Philadelphia, Pennsylvania — The trial for a notorious abortionist who is facing multiple murder charges for the deaths of seven babies and one adult begins today in Philadelphia.
Kermit Gosnell, 72, was taken into custody in 2011 following an investigation into his practice called the Women’s Medical Society. Investigators had not initially been aware that Gosnell was running a late-term abortion facility, but visited the location over suspicions about the illegal sale of controlled substances.
Philadelphia District Attorney Seth Williams described Gosnell’s operation as a “House of Horrors.”
“[Investigators] found jar after jar after jar of fetal remains and specifically severed feet in jars,” he explained in front of a panel following the compilation of the Grand Jury Report. “They found medical waste bags just strewn everywhere.”
Williams also outlined that several babies had been found with their spinal cords severed. It was believed that Gosnell birthed a number of babies alive, then “snipped” the back of their neck with scissors in order to kill them.
He now faces seven counts of first-degree murder — the most severe charge, which signifies that the acts were premeditated — for the deaths of babies who were believed to have died in this manner.
“Killing really had to be part of Gosnell’s plan. His method for performing late-term abortions was to induce labor and delivery of intact fetuses, and he specialized in patients who were well beyond 24 weeks,” the Grand Jury Report outlined. “The subsequent slitting of spinal cords, without any consideration for the babies’ viability, was an integral part of what Gosnell’s employees called his ‘standard procedure.’”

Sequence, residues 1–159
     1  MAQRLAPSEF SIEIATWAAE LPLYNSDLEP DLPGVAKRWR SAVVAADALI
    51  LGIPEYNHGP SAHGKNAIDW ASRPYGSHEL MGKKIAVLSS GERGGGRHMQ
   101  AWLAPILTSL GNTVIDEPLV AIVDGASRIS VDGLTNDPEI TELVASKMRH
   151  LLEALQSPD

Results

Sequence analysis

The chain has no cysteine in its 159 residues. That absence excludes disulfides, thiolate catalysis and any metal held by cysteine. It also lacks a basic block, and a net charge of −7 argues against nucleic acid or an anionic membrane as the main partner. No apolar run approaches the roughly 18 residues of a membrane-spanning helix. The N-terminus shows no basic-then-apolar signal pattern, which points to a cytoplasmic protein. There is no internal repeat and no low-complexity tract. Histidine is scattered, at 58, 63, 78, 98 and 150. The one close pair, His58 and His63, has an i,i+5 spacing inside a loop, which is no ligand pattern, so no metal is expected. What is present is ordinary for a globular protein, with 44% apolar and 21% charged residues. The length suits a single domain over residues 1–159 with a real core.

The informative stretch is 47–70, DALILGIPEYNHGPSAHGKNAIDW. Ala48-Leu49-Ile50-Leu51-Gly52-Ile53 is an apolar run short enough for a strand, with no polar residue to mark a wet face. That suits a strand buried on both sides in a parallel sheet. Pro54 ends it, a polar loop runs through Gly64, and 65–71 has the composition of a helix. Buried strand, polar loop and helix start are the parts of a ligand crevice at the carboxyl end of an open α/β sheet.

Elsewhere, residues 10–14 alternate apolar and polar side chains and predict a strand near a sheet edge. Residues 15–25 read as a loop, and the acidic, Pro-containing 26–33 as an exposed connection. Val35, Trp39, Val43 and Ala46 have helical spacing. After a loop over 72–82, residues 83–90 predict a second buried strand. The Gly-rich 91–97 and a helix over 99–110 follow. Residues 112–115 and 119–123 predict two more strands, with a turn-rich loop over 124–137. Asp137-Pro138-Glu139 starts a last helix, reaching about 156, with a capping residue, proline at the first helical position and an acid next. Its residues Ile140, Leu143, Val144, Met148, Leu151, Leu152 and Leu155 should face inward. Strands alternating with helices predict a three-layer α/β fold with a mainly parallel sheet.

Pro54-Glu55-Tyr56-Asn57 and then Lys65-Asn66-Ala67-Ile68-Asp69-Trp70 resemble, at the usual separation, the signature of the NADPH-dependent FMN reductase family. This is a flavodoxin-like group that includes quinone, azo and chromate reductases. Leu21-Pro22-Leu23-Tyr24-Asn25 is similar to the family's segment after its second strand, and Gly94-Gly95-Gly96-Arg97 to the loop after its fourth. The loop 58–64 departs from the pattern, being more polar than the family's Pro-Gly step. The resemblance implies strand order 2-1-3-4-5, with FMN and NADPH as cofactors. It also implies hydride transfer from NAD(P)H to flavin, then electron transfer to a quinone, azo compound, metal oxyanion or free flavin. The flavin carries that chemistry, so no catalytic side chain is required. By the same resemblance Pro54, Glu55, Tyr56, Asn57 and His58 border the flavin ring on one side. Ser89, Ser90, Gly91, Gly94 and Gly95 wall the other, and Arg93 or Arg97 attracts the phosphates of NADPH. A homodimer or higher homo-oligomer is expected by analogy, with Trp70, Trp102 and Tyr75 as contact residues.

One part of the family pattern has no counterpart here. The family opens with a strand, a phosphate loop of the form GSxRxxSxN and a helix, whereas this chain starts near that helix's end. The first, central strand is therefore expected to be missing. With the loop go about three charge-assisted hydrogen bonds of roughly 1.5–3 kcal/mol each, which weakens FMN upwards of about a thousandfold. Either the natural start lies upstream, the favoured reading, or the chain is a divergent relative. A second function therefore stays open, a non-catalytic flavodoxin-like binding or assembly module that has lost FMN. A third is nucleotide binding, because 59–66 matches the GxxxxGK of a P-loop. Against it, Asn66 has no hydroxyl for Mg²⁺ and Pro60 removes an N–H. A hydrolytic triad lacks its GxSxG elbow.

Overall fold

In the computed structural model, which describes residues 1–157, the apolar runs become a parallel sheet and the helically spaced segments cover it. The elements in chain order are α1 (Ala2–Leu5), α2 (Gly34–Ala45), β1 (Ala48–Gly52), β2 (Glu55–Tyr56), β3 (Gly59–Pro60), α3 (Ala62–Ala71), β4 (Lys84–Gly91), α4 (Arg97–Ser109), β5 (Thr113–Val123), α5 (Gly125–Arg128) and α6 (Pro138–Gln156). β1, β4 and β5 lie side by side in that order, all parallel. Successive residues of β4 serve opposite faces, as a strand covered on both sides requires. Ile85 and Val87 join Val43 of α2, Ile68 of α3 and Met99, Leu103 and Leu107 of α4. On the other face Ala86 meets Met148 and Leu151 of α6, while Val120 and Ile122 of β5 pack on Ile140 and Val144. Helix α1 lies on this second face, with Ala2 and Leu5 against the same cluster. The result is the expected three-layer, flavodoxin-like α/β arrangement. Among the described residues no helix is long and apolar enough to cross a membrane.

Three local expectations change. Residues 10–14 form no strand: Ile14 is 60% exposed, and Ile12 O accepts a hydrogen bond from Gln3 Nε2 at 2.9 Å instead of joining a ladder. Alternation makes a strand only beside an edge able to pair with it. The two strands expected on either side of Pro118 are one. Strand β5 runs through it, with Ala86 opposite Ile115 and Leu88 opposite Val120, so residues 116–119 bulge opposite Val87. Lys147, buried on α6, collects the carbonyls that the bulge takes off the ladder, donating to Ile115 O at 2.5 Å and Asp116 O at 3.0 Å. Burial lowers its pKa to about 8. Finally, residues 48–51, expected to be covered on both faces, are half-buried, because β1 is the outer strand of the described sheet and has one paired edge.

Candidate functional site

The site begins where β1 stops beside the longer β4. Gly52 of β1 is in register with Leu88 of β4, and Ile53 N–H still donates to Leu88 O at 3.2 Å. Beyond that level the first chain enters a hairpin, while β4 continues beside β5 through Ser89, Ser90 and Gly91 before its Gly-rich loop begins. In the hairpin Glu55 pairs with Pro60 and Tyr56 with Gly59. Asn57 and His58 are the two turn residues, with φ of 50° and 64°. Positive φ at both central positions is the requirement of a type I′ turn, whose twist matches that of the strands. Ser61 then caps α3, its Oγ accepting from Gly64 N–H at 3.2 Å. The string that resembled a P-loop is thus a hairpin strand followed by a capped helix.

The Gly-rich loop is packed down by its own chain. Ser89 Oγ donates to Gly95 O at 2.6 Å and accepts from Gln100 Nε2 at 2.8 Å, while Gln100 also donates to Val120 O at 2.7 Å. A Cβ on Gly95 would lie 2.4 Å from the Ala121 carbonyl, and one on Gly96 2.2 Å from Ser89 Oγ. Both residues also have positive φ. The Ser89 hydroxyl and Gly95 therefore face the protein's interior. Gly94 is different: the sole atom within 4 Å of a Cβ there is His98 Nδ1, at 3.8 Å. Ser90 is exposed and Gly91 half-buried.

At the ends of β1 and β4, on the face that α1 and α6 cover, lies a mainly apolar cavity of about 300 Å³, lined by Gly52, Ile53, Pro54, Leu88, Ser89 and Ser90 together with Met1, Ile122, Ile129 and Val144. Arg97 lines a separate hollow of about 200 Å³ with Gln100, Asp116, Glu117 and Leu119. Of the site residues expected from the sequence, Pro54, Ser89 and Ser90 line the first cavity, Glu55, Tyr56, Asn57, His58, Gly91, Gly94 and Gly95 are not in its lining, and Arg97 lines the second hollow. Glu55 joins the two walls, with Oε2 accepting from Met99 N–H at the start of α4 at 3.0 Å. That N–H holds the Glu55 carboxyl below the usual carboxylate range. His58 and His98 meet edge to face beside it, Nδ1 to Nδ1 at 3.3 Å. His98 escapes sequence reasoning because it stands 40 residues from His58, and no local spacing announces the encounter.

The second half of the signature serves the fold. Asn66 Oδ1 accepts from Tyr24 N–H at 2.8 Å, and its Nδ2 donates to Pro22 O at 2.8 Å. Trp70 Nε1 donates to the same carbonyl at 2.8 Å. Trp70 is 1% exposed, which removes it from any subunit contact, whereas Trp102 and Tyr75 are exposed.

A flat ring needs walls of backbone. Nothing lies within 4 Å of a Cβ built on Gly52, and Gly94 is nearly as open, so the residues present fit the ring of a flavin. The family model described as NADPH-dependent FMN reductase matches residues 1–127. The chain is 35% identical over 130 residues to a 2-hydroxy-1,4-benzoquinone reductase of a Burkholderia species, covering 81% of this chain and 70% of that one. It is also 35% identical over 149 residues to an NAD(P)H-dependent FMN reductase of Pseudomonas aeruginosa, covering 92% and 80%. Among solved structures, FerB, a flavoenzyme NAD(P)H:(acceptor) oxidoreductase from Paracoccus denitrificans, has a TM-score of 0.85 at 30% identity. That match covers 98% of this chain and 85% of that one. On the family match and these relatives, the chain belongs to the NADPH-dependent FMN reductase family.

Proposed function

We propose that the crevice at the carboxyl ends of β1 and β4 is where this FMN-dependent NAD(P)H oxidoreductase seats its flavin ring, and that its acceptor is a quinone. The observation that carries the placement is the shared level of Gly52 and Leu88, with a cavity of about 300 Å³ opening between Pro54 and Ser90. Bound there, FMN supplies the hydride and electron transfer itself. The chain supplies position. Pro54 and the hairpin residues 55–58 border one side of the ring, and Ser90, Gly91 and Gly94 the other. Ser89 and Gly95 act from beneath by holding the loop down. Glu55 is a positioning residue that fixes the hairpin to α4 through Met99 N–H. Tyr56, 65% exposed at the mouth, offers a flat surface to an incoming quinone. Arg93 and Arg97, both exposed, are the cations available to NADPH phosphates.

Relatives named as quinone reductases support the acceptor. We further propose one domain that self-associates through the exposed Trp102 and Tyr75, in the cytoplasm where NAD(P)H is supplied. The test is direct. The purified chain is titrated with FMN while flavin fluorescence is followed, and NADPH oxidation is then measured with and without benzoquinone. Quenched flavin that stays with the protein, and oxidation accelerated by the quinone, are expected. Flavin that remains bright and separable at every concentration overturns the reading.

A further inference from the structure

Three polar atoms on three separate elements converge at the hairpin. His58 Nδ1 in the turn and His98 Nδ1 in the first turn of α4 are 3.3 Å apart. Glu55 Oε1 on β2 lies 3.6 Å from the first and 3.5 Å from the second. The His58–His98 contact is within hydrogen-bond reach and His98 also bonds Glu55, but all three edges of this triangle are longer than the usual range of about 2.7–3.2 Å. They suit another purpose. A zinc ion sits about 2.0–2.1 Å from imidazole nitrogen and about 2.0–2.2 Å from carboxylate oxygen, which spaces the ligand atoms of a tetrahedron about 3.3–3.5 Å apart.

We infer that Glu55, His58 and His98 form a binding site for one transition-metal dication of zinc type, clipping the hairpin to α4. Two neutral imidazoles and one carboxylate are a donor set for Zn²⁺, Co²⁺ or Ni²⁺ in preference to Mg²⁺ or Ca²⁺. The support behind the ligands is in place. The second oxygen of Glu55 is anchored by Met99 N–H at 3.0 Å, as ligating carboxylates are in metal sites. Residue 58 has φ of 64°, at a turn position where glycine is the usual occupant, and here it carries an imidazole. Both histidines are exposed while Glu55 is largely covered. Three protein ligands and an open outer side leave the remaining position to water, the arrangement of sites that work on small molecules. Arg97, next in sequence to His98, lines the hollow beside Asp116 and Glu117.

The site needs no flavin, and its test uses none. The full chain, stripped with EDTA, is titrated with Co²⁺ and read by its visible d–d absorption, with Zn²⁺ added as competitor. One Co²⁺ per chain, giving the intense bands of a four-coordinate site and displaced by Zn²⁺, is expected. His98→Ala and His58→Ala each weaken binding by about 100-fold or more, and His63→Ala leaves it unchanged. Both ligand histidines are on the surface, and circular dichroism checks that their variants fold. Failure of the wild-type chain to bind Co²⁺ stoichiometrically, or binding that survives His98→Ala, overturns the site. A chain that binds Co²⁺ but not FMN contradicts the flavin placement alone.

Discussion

Pennsylvania law requires that babies born alive are to receive immediate medical treatment.
“Gosnell chose instead to slit their necks and store their bodies in various household containers as if they were trash,” the report stated.
In addition to the seven first-degree murder charges, Gosnell also faces one count of third-degree murder for the death of 41-year-old Karnamaya Mongar, an abortion client who died after she was administered a lethal amount of medication. Approximately 20 other charges have been leveled against the abortionist, who could face the death penalty for his crimes.
Two of Gosnell’s employees, Sherry West and Lynda Williams, have agreed to testify against the abortionist as part of a plea deal. Several other employees have also pled guilty for their participation in the crimes, including Gosnell’s wife, who helped perform late-term abortions on Sundays.
“Even though everything points back to Gosnell himself, to me it’s a mystery why so many people that he hired on as staff would be complicit in what he was doing,” Thomas Shaheen, vice president of the Pennsylvania Family Institute, told reporters. “He was the one profiting, but it puzzles me that during that whole time and that whole tragedy, no one blew the whistle.”
Prosecutors in the case accuse government officials of allowing Gosnell’s operation to go undetected because the Heath Department and other entities failed to perform inspections at the facility. State regulations were tightened after the matter, as all abortion facilities in the Pennsylvania must now conform to ambulatory surgical regulations.